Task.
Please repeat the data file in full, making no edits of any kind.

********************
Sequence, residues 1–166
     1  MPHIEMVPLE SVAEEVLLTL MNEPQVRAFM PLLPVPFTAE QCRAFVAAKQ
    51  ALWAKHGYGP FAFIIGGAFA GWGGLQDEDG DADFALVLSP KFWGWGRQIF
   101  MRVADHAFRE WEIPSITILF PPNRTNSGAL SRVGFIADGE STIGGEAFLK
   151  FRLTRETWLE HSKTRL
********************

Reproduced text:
Sequence, residues 1–166
     1  MPHIEMVPLE SVAEEVLLTL MNEPQVRAFM PLLPVPFTAE QCRAFVAAKQ
    51  ALWAKHGYGP FAFIIGGAFA GWGGLQDEDG DADFALVLSP KFWGWGRQIF
   101  MRVADHAFRE WEIPSITILF PPNRTNSGAL SRVGFIADGE STIGGEAFLK
   151  FRLTRETWLE HSKTRL